The International e-Sports Federation believes e-Sports will be a “legitimate” sport by segregating men and women.
Update: The International e-Sports Federation announced it has changed its former policy, which separated e-Sports tournaments into male-only and female-only tournaments, and has offered an apology. After the policy was called into question yesterday, IeSF called together an emergency board meeting. It has decided to replace male-only tournaments with tournaments that are open to all. IeSF made the following announcement on its Facebook page:
Our reason for maintaining events for women only is that we acknowledge the importance of providing women with ample opportunities to compete in e-Sports,
a currently male-dominated industry. Without efforts to improve female representation in e-Sports events, we can’t achieve true gender equality.
However, we realize that hosting a “male-only” competition is not the right way to go – as we stated, the industry is already male-dominated.
The fact that a female-only competition is being held for the reason stated above doesn’t mean that there is need to define the main competitions as “male-only”.
Therefore, we have decided to remove “male-only” competitions. This means the upcoming IeSF World Championship will host tournaments in 2 sections:
an “open-for-all” section which is open for all genders (replacing men-only competitions), and a female-only tournaments as stated previously.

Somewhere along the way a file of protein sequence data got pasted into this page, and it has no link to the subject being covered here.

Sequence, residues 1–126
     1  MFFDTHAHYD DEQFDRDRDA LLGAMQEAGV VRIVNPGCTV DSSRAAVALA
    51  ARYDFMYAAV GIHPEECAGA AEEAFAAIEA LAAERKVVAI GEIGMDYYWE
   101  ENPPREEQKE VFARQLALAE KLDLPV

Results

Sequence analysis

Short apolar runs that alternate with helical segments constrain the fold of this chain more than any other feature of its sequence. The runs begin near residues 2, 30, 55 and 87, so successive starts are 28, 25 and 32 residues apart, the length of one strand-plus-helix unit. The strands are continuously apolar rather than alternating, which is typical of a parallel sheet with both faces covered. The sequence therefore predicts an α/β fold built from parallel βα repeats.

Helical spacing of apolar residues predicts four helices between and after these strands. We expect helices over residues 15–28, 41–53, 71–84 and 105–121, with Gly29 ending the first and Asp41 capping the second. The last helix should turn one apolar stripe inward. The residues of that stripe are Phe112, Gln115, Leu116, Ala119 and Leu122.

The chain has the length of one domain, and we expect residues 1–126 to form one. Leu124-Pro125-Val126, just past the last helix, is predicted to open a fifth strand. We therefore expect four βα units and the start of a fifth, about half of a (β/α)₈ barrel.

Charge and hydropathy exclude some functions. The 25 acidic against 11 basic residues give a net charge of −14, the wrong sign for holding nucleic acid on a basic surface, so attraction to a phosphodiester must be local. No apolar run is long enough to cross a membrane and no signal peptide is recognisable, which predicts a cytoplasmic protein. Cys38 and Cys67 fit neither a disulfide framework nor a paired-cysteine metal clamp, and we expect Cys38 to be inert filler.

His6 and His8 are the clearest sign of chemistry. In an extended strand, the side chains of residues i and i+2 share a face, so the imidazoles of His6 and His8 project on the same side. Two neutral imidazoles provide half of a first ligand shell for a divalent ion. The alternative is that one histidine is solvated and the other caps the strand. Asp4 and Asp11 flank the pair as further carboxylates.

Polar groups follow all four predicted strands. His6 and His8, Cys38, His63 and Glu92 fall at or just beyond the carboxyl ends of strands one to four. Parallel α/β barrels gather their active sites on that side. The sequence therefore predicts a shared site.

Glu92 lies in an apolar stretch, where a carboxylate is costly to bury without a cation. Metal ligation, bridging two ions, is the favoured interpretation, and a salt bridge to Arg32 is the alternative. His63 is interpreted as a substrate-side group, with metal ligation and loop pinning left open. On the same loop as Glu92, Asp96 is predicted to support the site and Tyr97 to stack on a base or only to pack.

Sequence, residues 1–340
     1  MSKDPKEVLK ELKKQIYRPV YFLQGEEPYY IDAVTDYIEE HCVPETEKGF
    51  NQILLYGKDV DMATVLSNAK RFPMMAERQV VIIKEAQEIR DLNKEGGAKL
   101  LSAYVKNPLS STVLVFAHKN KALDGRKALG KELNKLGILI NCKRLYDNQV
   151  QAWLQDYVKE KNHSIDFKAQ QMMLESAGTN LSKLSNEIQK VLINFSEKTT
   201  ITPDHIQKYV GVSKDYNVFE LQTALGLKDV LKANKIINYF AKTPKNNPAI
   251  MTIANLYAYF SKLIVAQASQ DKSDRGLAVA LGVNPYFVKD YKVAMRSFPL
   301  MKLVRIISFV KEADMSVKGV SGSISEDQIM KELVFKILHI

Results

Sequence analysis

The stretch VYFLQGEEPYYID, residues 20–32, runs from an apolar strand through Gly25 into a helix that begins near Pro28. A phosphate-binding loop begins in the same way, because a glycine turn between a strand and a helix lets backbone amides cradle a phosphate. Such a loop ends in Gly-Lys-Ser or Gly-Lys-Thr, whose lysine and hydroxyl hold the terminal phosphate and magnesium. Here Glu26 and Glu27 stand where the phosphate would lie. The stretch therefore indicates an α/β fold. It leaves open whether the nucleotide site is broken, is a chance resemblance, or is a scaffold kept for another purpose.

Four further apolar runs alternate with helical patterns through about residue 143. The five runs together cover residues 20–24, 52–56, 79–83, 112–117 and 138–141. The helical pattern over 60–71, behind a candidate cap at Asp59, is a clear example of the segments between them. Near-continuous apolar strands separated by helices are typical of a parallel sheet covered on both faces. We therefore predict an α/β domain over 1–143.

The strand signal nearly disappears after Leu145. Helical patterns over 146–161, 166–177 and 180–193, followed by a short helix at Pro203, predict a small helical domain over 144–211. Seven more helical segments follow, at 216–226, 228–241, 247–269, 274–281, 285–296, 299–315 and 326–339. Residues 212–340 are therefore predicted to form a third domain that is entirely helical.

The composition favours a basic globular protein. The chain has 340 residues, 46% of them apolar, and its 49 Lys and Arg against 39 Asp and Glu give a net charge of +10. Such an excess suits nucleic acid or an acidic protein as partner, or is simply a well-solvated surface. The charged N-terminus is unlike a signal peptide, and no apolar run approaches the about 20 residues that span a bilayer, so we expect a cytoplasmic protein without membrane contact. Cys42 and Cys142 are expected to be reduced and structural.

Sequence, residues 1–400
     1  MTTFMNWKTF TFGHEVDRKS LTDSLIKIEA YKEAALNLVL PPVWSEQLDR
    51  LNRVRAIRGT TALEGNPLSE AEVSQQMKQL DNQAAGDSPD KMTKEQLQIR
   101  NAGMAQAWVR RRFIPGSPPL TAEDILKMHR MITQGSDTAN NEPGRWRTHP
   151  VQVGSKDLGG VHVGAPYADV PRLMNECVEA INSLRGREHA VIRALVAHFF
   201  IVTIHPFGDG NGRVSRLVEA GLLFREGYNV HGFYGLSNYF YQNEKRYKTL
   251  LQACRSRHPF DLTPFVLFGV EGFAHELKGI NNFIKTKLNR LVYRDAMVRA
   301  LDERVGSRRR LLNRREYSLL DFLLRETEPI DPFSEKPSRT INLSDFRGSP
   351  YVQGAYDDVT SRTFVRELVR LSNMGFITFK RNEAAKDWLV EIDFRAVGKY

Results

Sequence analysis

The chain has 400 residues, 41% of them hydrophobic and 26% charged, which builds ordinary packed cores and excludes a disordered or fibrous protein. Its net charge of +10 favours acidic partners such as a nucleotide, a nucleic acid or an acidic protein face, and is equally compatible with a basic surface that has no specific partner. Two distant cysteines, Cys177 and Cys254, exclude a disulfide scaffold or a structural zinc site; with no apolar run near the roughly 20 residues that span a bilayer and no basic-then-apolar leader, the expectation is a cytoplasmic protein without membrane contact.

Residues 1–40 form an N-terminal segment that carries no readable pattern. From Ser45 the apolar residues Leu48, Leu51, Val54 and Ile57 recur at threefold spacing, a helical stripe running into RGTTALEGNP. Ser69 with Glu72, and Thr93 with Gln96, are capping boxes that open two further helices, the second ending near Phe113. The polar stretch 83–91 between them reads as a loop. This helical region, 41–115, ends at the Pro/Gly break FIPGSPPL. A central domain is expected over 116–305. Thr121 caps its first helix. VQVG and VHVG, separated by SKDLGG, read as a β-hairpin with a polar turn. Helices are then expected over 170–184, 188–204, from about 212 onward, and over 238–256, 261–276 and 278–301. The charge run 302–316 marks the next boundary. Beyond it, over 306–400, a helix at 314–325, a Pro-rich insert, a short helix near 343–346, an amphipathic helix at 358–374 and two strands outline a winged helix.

Original story: On July 31, several Hearthstone players will compete in the Finnish qualifier tournament – but none of them will be women. The International e-Sports Federation has stipulated that the qualifier is open to Finnish male players only.
The rule is based on IeSF tournament regulations. “Since the IeSF World Championship Hearthstone tournament in Baku is male only, we can only accept male participants in the Finnish qualifier,” a statement reads on the Hearthstone IeSF qualifier page.
Markus “Olodyn” Koskivirta, head admin of the Assembly Summer 2014 Hearthstone IeSF Qualifier reiterated that the decision comes from IeSF tournament regulations. “In accordance with the International e-Sports Federation’s tournament regulations, since the main tournament event is open to male players only,” Koskivirta said. “This is to avoid possible conflicts (e.g. a female player eliminating a male player during RO8) among other things.”
IeSF is a global organization based in South Korea with the aim to promote e-sports as a “true sport.” By doing so, it divides tournaments into male and female competitions. This World Championship’s titles include Dota 2, StarCraft 2, Hearthstone, and Ultra Street Fighter IV in the male competition. The female competitions include StarCraft 2 and Tekken Tag Tournament.
In a reply on its Facebook page, IeSF said further, “The decision to divide male and female competitions was made in accordance with international sports authorities, as part of our effort to promote e-Sports as a legitimate sports.”
The Finnish eSports Federation does not agree with the IeSF’s decision. They are currently lobbying for equal rights of male and female players in IeSF tournaments, Koskivirta said. “This is an ongoing process and we of course welcome any support in this matter.”